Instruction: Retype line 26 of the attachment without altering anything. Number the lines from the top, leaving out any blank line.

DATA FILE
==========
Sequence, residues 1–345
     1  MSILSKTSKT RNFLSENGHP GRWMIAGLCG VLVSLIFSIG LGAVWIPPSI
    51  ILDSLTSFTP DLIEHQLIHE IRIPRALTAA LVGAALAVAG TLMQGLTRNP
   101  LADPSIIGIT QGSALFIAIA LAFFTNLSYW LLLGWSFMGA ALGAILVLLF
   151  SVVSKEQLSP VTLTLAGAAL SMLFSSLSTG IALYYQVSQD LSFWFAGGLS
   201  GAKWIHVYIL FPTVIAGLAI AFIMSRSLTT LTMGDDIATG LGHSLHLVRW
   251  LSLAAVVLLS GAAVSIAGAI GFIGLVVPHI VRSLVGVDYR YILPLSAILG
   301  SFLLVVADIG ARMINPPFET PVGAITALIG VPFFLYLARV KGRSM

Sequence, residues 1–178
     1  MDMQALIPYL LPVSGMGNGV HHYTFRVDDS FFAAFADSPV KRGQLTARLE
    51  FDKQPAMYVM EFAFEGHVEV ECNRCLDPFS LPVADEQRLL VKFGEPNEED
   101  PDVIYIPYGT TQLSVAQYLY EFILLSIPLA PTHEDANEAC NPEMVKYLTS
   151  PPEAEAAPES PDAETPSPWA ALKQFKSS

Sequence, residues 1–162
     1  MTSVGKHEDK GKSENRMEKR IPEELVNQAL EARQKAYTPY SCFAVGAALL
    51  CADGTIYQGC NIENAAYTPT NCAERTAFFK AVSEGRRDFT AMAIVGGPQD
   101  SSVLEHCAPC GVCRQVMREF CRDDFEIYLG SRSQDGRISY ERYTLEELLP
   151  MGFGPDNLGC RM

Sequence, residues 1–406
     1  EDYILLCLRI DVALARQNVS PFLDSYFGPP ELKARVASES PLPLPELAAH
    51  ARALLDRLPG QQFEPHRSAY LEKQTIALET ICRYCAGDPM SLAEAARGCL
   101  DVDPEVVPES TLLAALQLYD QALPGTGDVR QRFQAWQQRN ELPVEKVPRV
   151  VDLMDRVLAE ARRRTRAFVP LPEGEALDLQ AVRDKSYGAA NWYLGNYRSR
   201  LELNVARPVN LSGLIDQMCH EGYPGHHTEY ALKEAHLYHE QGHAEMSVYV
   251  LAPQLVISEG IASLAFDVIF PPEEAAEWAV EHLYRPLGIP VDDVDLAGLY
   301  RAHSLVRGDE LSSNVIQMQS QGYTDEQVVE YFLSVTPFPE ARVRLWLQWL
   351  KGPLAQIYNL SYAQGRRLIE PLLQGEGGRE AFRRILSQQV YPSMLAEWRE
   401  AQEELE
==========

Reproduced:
   301  RAHSLVRGDE LSSNVIQMQS QGYTDEQVVE YFLSVTPFPE ARVRLWLQWL